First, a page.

Vasudev Gohil, a 43-year-old resident of Badi village says that though the dumping site is technically situated outside the village, locals must pass the area on a daily basis.

"We are constantly on tenterhooks and looking for danger signs," he says. Indeed, their state of alert is how the sudden change in the shape of the dumpsite was noticed in the first place.

Can you trust environmental officials?

For someone visiting the place for the first time, the changes may not stand out. "But we have lived all our lives here, we know every little detail of this village. And when a 150-meter-long stretch cave-in by over 25-30 feet, the change can't be overlooked," Gohil adds.

This is not the first time that the dumpsite has worried local residents. Last November, a large part of the flattened part of the dumpsite had developed deep cracks and several flat areas had suddenly got elevated. While the officials had attributed this significant elevation to the high pressure of water in the upper strata of soil in the region, environment experts had pointed to seismic activities. The change is evident even today, nearly a year since it happened.

It could have sunk because of the rain.

After the recent incident, when the villagers raised an alarm and sent a written complaint to the regional Gujarat Pollution Control Board, an official visit to the site was arranged, along with the district administration and the mining department.

The regional pollution board officer Bhavnagar, A.G. Oza, insists the changes "aren't worrisome" and attributes it to the weather.

"The area received heavy rain this time. It is possible that the soil could have sunk in because of the rain," he tells The Wire. The Board, he says, along with the mining department, is now trying to assess if the caving-in had any impact on the ground surface.

"We visited the site as soon as a complaint was made. Samples have already been sent to the laboratory and we will have a clear idea only once the reports are made available," Oza adds.

Women from the Surkha village have to travel several kilometers to find potable water

Sukanya Shantha/The Wire

A questionable claim

That the dumpsite had sunk in was noticeable for at least three days between October 1 and 3, but Rohit Prajapati of an environmental watchdog group Paryavaran Suraksha Samiti, noted that it was not the first time.

"This is the third time in four years that something so strange is happening. It is a disaster in the making and the authorities ought to examine the root cause of the problem," Prajapati says, adding that the department has repeatedly failed to properly address the issue.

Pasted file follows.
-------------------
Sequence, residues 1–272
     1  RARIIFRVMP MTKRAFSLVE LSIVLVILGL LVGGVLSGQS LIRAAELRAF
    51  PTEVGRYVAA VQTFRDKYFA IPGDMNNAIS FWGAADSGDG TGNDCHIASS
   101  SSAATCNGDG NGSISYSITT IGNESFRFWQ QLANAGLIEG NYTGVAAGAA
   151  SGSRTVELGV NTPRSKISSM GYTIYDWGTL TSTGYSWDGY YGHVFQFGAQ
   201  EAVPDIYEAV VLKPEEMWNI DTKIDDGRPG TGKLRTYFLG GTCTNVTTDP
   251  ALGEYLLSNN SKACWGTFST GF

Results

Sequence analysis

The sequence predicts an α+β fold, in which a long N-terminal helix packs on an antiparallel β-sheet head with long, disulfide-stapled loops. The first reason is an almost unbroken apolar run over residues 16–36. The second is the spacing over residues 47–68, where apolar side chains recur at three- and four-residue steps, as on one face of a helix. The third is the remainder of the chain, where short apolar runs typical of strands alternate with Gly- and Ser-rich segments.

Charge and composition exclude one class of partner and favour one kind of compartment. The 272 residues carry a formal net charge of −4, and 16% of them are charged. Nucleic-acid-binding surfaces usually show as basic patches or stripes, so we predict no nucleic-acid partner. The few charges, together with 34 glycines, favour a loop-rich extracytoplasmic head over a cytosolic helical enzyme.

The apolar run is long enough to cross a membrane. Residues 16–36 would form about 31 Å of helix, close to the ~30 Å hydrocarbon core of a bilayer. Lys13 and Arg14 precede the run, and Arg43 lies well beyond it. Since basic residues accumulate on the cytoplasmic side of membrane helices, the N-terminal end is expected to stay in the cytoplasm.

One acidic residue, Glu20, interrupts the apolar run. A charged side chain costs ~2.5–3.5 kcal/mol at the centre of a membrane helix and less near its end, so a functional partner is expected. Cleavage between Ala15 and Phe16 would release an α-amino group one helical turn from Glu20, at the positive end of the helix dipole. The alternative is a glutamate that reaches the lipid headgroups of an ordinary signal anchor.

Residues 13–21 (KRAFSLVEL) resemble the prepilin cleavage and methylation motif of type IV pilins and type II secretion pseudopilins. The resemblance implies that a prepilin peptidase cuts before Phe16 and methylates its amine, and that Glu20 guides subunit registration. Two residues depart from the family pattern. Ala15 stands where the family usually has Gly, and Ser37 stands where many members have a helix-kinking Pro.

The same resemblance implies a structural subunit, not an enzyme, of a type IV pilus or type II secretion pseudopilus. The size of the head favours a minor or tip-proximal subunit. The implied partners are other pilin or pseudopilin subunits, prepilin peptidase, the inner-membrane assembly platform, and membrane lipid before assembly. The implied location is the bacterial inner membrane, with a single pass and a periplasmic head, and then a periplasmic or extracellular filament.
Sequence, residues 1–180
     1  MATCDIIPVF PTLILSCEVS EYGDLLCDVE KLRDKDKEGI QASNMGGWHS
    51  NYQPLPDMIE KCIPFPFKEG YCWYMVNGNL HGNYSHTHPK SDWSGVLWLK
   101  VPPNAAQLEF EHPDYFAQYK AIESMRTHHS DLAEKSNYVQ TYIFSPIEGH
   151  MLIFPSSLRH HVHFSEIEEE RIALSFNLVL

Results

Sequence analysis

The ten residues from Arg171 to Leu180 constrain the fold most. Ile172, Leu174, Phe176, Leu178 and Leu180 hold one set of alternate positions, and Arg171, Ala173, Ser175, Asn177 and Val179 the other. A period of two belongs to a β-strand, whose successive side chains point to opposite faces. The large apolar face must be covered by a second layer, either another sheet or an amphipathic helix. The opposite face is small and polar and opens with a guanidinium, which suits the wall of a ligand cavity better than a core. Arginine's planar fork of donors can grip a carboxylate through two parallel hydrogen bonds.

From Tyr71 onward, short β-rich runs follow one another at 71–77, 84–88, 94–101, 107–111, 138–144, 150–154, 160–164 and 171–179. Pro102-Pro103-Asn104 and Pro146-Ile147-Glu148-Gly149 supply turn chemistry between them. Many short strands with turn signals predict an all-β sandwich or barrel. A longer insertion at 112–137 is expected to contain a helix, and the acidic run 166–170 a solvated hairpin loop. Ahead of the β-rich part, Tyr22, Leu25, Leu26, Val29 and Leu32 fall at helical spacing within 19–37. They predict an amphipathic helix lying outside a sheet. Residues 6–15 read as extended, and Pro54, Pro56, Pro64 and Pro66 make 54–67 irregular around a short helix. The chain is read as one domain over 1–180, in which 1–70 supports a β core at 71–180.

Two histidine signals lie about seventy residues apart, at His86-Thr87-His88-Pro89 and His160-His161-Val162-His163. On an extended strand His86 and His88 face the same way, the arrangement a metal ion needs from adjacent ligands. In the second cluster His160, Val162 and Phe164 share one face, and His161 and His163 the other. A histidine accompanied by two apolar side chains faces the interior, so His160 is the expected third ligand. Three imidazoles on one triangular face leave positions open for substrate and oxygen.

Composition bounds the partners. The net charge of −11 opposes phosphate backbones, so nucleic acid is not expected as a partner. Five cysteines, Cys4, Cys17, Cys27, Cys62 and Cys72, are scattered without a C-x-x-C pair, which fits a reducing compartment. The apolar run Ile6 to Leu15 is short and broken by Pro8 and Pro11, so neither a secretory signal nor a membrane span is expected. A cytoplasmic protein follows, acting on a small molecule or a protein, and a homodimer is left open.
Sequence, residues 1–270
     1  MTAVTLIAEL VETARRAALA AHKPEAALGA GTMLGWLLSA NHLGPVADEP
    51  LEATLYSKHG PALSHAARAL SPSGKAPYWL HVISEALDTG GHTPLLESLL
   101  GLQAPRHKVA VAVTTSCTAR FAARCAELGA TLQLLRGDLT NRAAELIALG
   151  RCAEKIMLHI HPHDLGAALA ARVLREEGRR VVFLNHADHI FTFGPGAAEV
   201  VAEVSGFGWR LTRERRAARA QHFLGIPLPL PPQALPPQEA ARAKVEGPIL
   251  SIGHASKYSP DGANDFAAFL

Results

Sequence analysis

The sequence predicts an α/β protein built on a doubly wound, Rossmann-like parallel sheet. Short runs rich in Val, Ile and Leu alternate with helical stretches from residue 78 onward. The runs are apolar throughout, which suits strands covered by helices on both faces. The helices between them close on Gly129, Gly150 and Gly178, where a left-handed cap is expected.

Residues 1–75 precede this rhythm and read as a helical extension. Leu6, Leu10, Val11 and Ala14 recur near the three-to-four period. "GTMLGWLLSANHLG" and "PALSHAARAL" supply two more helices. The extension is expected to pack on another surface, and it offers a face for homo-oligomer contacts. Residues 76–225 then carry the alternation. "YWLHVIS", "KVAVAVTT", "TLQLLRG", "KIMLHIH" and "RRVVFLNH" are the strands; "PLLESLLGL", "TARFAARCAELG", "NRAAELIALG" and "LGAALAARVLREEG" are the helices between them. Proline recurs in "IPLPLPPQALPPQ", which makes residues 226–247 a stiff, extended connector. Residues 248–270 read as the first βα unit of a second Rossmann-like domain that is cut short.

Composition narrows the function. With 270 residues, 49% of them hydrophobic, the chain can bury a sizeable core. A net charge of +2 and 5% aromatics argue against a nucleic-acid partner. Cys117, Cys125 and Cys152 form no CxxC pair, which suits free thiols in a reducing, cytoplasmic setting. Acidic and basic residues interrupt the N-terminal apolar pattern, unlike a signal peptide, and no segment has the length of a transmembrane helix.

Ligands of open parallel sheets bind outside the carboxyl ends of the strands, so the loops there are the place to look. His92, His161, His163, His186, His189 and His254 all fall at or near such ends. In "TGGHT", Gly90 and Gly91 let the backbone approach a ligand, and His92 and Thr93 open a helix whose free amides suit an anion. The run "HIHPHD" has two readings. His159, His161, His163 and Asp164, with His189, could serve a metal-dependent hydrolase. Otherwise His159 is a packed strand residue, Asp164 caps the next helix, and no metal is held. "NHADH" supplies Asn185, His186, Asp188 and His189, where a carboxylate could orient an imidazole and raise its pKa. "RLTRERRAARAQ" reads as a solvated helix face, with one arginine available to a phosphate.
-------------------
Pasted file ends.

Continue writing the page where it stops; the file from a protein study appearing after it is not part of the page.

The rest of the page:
He also contests the GPCB's claim that excess rain could lead to something so drastic. "Then why was similar impact not seen on other dumping sites in the region? One cannot arrive at conclusions for geological changes without a deeper study of them," he says. "It can have deadly implications."

Living in pollution

The villagers have also accused the GPCB of overlooking their complaint of water pollution which has rendered a large part of the land, most importantly, the gauchar or grazing land, useless.

"In the absence of a wall or a barrier, the pollutant has freely mixed with the water bodies here and has slowly started polluting both our soil and water," complains 23- year-old Nikul Kantharia.

He says ever since the mining project took off in the region, he, like most other villagers has been forced to take his livestock farther away to graze. "Nothing grows on the grazing land anymore and the grass closer to the dumpsite makes our cattle ill," Kantharia claims.

The mining work should have been stopped long ago

Prajapati and Bharat Jambucha, a well-known environmental activist and proponent of organic farming from the region, both point to blatant violations of environmental laws in the execution of mining work, with at least 12 violations cited by local officials. "But nothing happened after that. Mining work has continued without any hassles," Jambucha says. Among some glaring violations include the absence of a boundary wall around the dumping site and proper disposal of mining effluents.

The mining work has also continued without a most basic requirement – effluent treatment plant and sewage treatment plant at the mining site, Prajapati points out. "The mining work should have been stopped long ago. And the company should have been levied a heavy fine. But no such thing happened," he adds.

In some villages, the groundwater level has depleted over the past few years and villagers attribute it to the mining project. Women from Surkha village travel several kilometers outside for potable water. "This is new. Until five years ago, we had some water in the village and did not have to lug water every day," says Shilaben Kantharia.

The mine has affected the landscape around the villages

Sukanya Shantha/The Wire

Resisting lignite mining

The lignite mining project has a long history of resistance. Agricultural land, along with grazing land were acquired from the cluster of 12 adjoining villages in the coastal Ghogha taluka between 1994 and 1997. The locals estimate that villagers here lost anything between 40-100% of their land to the project. "We were paid a standard Rs 40,000 per bigha," Narendra, a local photographer, says.

The money, Narendra says, felt decent in 1994 but for those who had been dependent on this land, the years to come proved very challenging. "Several villagers have now taken a small patch of land in the neighboring villages on lease and are cultivating cotton and groundnut there," Narendra says.

They were dependent on others' land for work.

Bharat Jambucha says things get further complicated for the communities which were historically landless. "Most families belonging to the Dalit or other marginalized populations in the region never owned any land. They were dependent on others' land for work. Once villagers lost their land to the project, the landless were pushed out of the village," he adds. His organization, Prakrutik Kheti Juth, has been at the forefront, fighting for the rights of the villages affected in the lignite mining project.

In 2017, when the mining project finally took off, villagers from across 12 villages protested. The demonstration was disrupted after police used force and beat many protesters. More than 350 of them were booked for rioting.

The villagers, however, did not give up. Protests and hunger strikes have continued from time to time. A few villagers even sent a letter to the President of India threatening that they would commit suicide if the government did not return their land.

"We let them have our land for over 20 years," says Gohil.